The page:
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Creating An Annotation

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Style and Presentation—Subtitles

Consider the subtitle as another title; the same rules for capitalization and punctuation apply as for titles.


Glory Enough for All: The Battle of the Crater; a Novel of the Civil War (Note that the article following the semicolon is lowercase; see the next section)

Walter Winchell: A Novel (retained because the book could easily be mistaken for a biography without the subtitle)

Punctuation between title and subtitle

A colon is used to separate title and subtitle in most cases. Place the colon directly after the title; leave one space before the subtitle.

Because the colon indicates the beginning of a subtitle, colons should not be used elsewhere in the title or subtitle. If a colon appears elsewhere on the title page, change the punctuation to a comma or semicolon as appropriate. Do not uppercase articles or prepositions that follow; capitals for initial words are used only to indicate a title or subtitle.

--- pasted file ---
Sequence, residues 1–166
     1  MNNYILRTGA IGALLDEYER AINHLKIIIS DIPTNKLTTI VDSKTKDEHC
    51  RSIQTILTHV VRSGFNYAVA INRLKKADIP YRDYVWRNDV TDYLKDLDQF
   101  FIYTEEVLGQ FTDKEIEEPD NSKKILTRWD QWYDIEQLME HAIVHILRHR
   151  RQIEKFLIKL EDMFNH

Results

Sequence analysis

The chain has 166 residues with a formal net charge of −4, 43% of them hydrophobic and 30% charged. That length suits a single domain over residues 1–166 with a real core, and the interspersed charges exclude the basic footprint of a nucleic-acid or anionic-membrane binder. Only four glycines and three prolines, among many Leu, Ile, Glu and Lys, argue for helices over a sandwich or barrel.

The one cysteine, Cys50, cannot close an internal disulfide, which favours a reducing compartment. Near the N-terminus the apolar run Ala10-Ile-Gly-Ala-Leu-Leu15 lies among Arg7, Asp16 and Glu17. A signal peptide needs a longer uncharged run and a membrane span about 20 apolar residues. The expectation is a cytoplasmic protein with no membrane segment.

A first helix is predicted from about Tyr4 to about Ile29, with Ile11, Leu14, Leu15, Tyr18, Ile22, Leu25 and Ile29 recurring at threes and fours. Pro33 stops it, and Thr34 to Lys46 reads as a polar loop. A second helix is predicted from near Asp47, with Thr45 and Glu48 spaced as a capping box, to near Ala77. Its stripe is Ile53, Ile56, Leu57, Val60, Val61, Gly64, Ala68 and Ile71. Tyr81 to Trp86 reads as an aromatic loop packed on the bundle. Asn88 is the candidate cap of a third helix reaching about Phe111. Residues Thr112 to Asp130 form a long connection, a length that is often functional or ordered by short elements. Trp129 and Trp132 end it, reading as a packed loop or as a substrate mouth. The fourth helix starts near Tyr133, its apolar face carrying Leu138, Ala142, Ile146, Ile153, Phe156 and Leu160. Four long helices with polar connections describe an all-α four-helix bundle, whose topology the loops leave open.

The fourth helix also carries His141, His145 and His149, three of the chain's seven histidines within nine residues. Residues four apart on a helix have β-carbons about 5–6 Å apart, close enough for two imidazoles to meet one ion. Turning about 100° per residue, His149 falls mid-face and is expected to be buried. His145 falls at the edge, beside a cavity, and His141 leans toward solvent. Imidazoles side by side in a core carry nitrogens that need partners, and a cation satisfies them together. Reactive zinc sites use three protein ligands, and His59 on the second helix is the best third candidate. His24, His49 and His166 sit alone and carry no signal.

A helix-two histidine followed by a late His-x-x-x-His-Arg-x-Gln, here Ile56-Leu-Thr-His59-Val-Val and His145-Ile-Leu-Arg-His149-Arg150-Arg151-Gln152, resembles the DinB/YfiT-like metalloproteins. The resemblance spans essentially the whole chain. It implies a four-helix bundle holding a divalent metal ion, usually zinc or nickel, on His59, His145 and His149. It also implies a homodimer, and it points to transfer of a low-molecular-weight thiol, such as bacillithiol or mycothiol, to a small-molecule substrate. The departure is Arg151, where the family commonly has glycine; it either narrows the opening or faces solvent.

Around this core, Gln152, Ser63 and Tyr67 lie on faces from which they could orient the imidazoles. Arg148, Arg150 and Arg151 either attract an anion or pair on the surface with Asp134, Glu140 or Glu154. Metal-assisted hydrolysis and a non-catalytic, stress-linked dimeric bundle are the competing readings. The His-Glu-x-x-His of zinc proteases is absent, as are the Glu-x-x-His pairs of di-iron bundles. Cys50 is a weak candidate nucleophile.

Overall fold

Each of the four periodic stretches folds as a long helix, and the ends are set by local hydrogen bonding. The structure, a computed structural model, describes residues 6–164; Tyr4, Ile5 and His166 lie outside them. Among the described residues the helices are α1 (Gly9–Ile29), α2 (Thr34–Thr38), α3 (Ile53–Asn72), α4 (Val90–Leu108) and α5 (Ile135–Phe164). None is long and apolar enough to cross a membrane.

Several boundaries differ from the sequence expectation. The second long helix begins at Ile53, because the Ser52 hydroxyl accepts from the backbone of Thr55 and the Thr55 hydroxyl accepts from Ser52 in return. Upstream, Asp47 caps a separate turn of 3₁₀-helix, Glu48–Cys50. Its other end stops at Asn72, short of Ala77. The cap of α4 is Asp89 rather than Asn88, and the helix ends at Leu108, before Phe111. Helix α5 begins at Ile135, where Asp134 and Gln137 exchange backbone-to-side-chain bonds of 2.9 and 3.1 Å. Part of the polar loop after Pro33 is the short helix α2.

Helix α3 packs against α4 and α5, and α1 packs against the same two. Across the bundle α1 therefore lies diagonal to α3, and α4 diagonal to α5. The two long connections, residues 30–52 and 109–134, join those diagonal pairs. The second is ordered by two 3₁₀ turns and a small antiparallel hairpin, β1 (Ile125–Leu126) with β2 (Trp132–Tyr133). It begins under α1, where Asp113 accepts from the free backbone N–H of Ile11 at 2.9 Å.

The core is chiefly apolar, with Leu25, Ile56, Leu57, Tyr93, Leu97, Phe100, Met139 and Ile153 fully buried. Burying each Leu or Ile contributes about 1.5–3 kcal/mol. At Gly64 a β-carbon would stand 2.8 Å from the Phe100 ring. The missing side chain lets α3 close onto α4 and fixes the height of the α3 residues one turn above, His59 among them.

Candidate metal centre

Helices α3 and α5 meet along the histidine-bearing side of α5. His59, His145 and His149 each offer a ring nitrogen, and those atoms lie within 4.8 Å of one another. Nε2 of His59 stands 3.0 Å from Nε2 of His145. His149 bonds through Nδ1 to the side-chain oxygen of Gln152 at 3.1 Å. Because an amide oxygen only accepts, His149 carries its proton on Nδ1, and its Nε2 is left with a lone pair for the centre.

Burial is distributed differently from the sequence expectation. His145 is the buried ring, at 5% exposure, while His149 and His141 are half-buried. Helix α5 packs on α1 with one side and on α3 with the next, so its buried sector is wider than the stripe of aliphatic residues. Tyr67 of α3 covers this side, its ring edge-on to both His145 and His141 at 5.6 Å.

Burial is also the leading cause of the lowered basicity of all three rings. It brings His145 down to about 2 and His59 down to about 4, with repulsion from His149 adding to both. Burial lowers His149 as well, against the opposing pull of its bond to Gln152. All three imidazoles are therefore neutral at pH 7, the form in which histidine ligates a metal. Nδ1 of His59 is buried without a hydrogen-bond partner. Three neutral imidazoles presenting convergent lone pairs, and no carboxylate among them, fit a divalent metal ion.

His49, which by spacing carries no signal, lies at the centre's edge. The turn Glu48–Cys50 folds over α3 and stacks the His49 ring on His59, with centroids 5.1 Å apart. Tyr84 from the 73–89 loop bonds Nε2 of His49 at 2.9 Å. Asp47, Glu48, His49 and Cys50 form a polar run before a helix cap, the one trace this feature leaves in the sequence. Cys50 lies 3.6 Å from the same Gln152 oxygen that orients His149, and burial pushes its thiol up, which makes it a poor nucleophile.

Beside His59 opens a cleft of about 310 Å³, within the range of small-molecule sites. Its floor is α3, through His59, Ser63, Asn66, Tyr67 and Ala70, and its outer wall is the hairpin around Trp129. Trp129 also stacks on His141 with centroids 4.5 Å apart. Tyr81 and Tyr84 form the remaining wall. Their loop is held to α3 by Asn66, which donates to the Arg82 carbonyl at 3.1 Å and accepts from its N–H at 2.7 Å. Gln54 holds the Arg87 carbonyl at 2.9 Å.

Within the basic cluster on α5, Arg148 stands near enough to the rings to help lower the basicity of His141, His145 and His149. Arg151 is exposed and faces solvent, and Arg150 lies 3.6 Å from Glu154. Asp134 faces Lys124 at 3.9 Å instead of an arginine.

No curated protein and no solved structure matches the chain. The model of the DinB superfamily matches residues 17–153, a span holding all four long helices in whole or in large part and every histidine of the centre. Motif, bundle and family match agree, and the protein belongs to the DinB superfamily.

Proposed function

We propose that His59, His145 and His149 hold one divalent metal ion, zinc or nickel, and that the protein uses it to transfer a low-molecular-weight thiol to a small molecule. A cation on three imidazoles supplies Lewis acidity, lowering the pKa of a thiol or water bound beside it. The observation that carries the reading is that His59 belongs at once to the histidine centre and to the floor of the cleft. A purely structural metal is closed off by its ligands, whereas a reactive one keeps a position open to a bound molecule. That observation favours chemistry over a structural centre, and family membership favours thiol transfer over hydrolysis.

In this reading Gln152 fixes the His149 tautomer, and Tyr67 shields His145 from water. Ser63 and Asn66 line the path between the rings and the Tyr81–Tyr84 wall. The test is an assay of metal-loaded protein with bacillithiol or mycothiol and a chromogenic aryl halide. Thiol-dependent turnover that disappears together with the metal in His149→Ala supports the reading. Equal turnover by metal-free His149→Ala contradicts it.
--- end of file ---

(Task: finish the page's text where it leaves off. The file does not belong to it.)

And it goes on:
Food of the Gods: The Search for the Original Tree of Knowledge; a Radical History of Plants, Drugs, and Human Evolution (Note that the indefinite article, a, after the semicolon is lowercase.)

Titles within subtitles

NLS practice is essentially the same as for titles within titles: treat the subtitle as a second title and italicize or underscore all titles regardless of whether they would take italics or quotes in text. For subtitles, all short story or novella titles are italicized, because they cannot also be the title of the book.

Stories of the Early West: The Luck of Roaring Camp and Sixteen Other Exciting Tales of Mining and Frontier Days

Eda LeShan on Living Your Life: Based on the CBS Radio Network Series Getting Along

The Same River Twice: Honoring the Difficult; a Meditation on Life, Spirit, Art, and the Making of the Film The Color Purple Ten Years Later

Victorian Villainies: The Great Tontine, The Rome Express, In the Fog, The Beetle

Three Tales of My Father's Dragon: My Father's Dragon; Elmer and the Dragon; The Dragons of Blueland (For the last two examples, the listed stories explain the title. The need for italics would be obvious if the and that is understood between the last two titles were actually present.)